If landlords and retail center owners want to remain in business for the long haul, they will need to start bringing in unconventional businesses, different designs and adding experiential tenants.
The big-box mall of the past is dead.
Owners need to design their shopping centers and malls like a chameleon — one that has the flexibility to adapt to the needs of a new type of consumer, said Danaria Farris McCoy, NewMark Merrill Mountain States’ division operations director, during a presentation on how experiential retail is revolutionizing center formats, tenant mixes and leasing structures at ICSC RECon in Las Vegas. “The physical store and shopping center now is about the distribution of experiences [rather] than the products,” McCoy said.
The presentation was among several educational seminars that kicked off the first day of ICSC RECon, the largest convention for retail professionals in the world. More than 30,000 people are expected to be at the annual four-day conference from Sunday to Wednesday at the Las Vegas Convention Center. The convention comes as the retail industry is adapting to a changing consumer base. Though statistics differ on brick-and-mortar performance, there is an obvious sentiment that traditional brick-and-mortar retailers are facing a growing threat from e-commerce.
More people prefer to shop online in the comfort of their own homes than go to a store. “Traditional retail clearly is undergoing a profound change. The ability to purchase online has changed how consumers behave,” said Area15 CEO Winston Fisher, who will speak on a panel Tuesday about his latest project. Area15 is a mall-inspired entertainment and retail complex set to be unveiled next year.
Experiential retail could be the equalizer that keeps people coming back and shopping. Experiential retail is seen as the future of the retail industry, Fisher said. “What you’re seeing from retailers that are successful is that they are selling the experience of their products as much as the physical product,” he said. “We’re focused on the shift from the consumption economy to the experience economy and that includes consumption, but from experience.” There is no single authoritative definition of experiential retail, McCoy said.
One thing is certain — experiential retail has to have and involve some type of positive experience. This experience is what will keep people coming back, McCoy said. Studying the current retail landscape, McCoy created a hierarchy system that describes the characteristics of a successful experiential retail tenant. The hierarchy describes everything from the basics such as friendly and knowledgeable customer service, efficiency and convenience to creating unique experiences, such as hands-on shops and one-of-a-kind stores.
McCoy points at the success of discount shoe retailer chain DSW. Since DSW piloted a program with in-store nail salons, the company has generated $600K in revenue in those stores. McCoy said while many focus on millennials, retailers need to pay attention to Generation Z, those people born from the mid-1990s to the early 2000s. Unlike their millennial predecessors, the Gen Z crowd has a strong preference to shop at physical places, McCoy said. However, she said surveys suggest even one bad experience could lead them to stop interacting with a brand. “The businesses that don’t create an experience are either susceptible to other competition coming in or their sales going down,” McCoy said.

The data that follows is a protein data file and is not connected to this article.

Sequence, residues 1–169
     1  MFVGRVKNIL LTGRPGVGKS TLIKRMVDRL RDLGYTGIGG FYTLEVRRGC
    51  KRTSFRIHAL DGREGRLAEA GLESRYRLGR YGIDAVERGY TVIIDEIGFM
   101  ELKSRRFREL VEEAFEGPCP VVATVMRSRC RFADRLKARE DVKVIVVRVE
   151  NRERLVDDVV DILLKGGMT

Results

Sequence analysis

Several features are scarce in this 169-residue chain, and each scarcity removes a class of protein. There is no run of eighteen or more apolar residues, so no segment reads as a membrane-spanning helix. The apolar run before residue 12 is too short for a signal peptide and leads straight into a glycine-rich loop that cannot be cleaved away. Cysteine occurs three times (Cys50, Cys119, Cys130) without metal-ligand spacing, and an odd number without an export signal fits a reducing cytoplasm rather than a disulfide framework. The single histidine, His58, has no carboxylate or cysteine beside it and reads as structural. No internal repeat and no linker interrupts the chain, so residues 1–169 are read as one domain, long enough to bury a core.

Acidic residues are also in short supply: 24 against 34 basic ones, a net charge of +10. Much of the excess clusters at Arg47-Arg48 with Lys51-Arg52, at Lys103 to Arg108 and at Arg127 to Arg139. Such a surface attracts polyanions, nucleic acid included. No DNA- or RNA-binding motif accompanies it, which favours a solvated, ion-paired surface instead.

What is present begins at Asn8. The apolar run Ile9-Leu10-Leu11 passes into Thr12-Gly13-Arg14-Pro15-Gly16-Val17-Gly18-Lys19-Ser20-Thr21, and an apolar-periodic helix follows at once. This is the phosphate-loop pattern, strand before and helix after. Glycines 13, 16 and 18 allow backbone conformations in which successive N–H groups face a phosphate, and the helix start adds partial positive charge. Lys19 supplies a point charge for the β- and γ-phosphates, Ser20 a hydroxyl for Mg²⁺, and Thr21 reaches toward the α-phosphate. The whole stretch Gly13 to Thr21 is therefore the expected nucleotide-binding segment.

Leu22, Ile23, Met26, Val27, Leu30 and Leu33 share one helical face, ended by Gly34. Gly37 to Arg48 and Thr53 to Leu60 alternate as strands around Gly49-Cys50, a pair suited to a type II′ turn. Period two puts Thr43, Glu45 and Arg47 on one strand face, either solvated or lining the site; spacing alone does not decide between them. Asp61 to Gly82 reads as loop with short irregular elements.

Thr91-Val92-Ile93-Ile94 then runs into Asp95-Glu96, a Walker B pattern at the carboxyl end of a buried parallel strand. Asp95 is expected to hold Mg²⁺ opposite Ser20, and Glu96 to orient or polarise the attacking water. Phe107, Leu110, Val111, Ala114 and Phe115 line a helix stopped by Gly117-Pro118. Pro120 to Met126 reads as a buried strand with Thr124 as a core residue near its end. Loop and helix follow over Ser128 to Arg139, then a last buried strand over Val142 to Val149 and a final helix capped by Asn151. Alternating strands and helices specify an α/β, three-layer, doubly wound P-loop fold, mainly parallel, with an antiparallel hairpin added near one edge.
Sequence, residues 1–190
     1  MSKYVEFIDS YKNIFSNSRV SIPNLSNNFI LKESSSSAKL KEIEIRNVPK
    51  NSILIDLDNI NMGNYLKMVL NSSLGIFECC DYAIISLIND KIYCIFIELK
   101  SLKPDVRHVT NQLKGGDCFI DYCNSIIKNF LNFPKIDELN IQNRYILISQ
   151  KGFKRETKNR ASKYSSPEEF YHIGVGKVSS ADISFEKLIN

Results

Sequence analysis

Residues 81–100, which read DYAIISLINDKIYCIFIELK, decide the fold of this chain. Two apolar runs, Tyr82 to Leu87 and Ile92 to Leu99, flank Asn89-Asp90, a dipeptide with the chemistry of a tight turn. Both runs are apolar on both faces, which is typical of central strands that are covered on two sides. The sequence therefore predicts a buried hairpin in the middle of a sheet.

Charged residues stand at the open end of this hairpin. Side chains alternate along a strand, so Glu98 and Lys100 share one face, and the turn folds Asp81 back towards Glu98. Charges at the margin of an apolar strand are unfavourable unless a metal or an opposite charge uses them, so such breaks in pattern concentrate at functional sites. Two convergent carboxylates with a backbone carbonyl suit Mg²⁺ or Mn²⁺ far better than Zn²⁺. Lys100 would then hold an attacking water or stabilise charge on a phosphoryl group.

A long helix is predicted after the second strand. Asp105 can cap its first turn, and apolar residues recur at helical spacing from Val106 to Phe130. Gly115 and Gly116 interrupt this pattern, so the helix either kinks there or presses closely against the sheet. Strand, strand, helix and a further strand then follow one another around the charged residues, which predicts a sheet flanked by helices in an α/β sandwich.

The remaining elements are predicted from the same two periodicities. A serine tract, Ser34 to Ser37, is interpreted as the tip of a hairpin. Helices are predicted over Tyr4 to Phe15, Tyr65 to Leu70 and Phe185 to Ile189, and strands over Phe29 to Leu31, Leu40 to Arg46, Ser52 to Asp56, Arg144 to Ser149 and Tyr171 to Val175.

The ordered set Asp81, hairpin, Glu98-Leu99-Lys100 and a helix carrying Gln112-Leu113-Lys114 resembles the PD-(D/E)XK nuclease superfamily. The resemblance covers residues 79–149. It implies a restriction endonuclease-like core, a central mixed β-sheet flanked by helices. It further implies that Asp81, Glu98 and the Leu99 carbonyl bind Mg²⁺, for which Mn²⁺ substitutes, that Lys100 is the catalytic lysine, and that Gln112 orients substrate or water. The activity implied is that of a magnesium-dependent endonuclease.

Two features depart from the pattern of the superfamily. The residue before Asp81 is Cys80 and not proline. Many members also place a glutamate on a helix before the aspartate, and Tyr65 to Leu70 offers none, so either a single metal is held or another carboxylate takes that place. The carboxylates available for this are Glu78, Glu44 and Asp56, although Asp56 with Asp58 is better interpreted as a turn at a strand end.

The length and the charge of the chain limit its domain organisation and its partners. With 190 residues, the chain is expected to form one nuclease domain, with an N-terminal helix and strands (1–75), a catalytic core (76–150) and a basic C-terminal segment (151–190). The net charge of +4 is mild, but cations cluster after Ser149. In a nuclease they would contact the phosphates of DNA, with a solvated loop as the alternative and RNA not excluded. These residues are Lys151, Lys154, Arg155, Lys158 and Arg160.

Fisher, the CEO of Area15, is hoping to capitalize on the consumer base’s growing demand for experiential retail. The 170K SF Area15, just off the strip in Vegas, will feature a mixture of experiential retail, entertainment, food and beverage options, events, music, food festival and drone racing.
“It’s retail, entertainment, art, technology all blended together to create this incredible experience,” Fisher said. “You can say it’s mall-inspired.” Santa Fe, New Mexico-based Meow Wolf has already signed up as one of the anchor tenants, Fisher said. Meow Wolf is a popular art and music venue in New Mexico that is expanding to Las Vegas and Denver. Area15’s events, art installations and performances will be specially curated and constantly change throughout the year.
Fisher said Area15’s interactive exhibits, performances, art and technology will separate it from other venues. OTL Director of Creative Design Chris Roy said old-style malls are dying and many have to transition into becoming “lifestyle centers” that not only have people shopping but coming together to gather. OTL is a design-build company that creates water features for shopping centers and malls.
The water features can be designed and sync with music for a water and light show. Shopping centers where OTL has built water features have become shopping and community destinations, co-founder and CEO J. Wickham Zimmerman said. Roy said the days of landlords and owners putting in a store and hoping for people to come and shop at their centers are over. “Malls were becoming mundane,” Roy said. “You had all these big malls and they were pretty duplicate across the country with the same stores in every one … shopping has to be a destination now. “We have to create experiences that make people want to keep coming back,” Roy said.
Author – Joseph Pimentel, Bisnow Los Angeles